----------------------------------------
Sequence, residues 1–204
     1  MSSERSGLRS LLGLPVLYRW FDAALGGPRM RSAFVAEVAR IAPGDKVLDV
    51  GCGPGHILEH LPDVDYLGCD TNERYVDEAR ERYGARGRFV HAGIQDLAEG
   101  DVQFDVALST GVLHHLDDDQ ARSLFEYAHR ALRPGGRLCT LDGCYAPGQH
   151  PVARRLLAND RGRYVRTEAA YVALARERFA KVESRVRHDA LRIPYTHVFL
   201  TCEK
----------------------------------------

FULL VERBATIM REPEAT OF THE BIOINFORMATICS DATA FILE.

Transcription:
Sequence, residues 1–204
     1  MSSERSGLRS LLGLPVLYRW FDAALGGPRM RSAFVAEVAR IAPGDKVLDV
    51  GCGPGHILEH LPDVDYLGCD TNERYVDEAR ERYGARGRFV HAGIQDLAEG
   101  DVQFDVALST GVLHHLDDDQ ARSLFEYAHR ALRPGGRLCT LDGCYAPGQH
   151  PVARRLLAND RGRYVRTEAA YVALARERFA KVESRVRHDA LRIPYTHVFL
   201  TCEK